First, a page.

Saturday, June 28, 2014

Golden Age on the idiot box

Fifty years ago, Newton Minow made his famous statement where he referred to TV as a "vast wasteland." And for most of those years that was true.  Now thanks to cable and the extended episodic format, TV surpasses even the cinema for its storytelling gravitas. I avoided TV shows for a long time, mostly during the 80s through the 90s. Recently I watched the movie "American Hustle," which accomplished a remarkable feat--it made me nostalgic for the 70s, the decade I've tried hard to blot from my mind. So I decided to compare that flick's interpretation of the 70s with a contemporary TV show that covered the same ground, Starsky & Hutch. Though I had avoided that show when it was broadcast and in syndication, I found I could watch the pilot on Youtube, which I did. It was wretchedly bad and did much to validate my loathing of the 70s.

Fast-forward to ten years ago. A friend waxed on and on about "The Sopranos" but I was reluctant to watch. Finally, I took a peek and became a fan. My son bought me the deluxe boxed set of the entire show, and I spent many nights promising myself just one more episode before I turned off the DVD.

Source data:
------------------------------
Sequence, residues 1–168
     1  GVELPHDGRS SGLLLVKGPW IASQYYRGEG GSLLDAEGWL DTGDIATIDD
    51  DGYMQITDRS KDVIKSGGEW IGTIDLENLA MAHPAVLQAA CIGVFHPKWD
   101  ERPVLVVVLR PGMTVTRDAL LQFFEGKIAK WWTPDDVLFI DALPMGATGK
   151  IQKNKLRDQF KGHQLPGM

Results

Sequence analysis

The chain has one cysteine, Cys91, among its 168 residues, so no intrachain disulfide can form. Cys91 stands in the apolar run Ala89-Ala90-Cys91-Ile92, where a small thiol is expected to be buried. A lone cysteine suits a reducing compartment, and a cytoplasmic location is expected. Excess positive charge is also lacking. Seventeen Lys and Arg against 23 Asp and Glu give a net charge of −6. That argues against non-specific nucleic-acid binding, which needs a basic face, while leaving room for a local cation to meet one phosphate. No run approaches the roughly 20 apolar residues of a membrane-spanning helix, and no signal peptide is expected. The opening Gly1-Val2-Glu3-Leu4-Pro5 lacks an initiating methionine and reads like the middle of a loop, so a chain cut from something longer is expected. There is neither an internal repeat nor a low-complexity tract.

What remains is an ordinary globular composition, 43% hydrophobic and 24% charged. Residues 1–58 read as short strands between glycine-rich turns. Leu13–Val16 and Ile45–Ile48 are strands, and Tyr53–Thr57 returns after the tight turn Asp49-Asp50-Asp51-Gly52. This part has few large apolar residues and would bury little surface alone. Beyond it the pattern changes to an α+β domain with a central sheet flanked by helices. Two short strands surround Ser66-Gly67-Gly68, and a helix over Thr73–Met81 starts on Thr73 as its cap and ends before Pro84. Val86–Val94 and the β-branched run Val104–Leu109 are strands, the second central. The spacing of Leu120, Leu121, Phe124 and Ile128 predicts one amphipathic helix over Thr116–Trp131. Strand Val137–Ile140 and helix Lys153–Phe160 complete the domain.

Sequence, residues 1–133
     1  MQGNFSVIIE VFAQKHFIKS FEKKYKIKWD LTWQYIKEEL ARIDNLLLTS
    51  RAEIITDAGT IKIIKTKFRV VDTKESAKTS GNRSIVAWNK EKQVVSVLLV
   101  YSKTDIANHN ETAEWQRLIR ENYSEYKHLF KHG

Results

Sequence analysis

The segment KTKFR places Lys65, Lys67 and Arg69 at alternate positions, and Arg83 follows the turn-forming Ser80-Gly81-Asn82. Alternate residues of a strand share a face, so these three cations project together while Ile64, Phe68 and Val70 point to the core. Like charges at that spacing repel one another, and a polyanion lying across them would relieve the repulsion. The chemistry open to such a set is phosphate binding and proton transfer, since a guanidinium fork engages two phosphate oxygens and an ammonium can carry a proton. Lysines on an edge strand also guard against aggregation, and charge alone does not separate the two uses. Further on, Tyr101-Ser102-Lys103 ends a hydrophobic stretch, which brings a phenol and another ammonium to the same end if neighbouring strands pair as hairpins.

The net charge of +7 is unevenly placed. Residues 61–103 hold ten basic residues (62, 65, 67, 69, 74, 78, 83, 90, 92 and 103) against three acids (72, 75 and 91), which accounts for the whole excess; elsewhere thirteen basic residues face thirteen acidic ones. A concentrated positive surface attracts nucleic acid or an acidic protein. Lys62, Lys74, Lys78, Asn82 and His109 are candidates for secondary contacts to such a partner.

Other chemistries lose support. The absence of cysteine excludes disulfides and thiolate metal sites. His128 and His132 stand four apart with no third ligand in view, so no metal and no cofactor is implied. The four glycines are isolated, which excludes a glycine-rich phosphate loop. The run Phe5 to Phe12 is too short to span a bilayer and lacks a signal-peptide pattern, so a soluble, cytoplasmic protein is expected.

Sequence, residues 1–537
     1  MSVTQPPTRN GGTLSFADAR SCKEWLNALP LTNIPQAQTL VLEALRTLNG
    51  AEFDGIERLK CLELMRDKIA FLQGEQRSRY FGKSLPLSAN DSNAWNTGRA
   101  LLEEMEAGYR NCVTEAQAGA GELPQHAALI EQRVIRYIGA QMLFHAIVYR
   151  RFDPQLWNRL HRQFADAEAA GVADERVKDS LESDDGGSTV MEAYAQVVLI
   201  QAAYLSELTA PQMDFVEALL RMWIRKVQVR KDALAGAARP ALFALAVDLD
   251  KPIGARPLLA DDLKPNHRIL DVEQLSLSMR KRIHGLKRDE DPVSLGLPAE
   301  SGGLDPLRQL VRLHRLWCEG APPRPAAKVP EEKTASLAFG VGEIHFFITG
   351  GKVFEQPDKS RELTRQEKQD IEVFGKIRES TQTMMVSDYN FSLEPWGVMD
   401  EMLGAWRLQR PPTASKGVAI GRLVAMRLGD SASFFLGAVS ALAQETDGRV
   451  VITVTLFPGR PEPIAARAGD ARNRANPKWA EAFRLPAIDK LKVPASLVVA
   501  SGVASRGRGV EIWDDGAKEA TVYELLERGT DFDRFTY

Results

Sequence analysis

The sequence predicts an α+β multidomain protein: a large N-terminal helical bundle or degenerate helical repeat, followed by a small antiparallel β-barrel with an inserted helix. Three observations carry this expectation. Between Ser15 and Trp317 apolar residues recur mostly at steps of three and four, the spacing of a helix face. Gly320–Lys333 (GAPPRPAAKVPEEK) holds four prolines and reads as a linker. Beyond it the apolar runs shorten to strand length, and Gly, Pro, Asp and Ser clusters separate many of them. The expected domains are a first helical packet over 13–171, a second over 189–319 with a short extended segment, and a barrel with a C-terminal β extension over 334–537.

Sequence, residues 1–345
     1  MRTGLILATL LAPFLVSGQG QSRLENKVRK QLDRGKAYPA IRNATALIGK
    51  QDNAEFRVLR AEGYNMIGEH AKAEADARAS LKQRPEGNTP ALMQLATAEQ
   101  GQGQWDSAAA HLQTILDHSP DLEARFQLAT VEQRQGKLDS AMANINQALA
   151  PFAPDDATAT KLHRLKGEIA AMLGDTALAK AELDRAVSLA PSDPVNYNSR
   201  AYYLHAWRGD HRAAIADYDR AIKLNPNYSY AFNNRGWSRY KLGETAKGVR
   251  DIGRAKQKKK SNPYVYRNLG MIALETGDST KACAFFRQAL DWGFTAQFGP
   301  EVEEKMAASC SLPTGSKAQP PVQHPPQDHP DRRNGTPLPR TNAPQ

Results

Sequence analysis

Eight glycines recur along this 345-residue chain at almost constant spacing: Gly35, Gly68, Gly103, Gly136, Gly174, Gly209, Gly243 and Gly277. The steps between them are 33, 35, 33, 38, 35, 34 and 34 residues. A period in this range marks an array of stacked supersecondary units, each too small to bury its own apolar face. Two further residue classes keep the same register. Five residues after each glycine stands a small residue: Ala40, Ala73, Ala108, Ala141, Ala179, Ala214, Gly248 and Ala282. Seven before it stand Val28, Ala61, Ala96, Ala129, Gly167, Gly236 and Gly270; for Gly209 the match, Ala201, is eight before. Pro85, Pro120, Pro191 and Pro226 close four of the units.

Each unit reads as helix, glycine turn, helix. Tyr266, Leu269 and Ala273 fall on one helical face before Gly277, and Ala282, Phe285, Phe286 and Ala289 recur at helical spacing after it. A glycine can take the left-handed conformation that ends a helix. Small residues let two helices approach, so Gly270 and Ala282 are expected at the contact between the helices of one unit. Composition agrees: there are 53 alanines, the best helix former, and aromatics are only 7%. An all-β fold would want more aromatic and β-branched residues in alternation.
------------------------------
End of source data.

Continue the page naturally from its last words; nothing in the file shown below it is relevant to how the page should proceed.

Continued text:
Crime dramas are my favorites. What I didn't like about the regular hour-long cop shows was that everything had to be wrapped up in 45 minutes and the major plot points were as obvious as someone sounding an air horn. But the episodic format allows the show to tease us with misdirection and subplots for weeks at a time. And cable is free of the language and content constraints of broadcast TV though things have loosened up there as well. The dialog of cable shows is gritty and usually razor-sharp, which as a writer makes me perk up with jealousy. Among my current favorites: Justified, for its mix of rural noir and modern themes. Hell On Wheels as a fascinating look at post-Civil War America and that it doesn't hold back discussing race and class issues. True Detective for its layered characters and gritty dialog. Copper for its portrayal of a neglected slice of American history, New York City during the Civil War and the rise of the urban police. Breaking Bad kept me hooked for every season. At the moment, my tip-top favorite is Longmire for several reasons. One, I enjoy Craig Johnson's novels, which the series is adapted from. And like other shows, I appreciate its blend of a rural setting and modern problems. More over, if there is any TV character I'd like to be, it's Sheriff Walt Longmire, played by Robert Taylor. So he's taller and more rugged looking than me, I could pass muster if you gave me his Stetson hat and Western belt buckle. In fact, I'm pricing .45 autos with stag handles so I can be just like him.

No comments: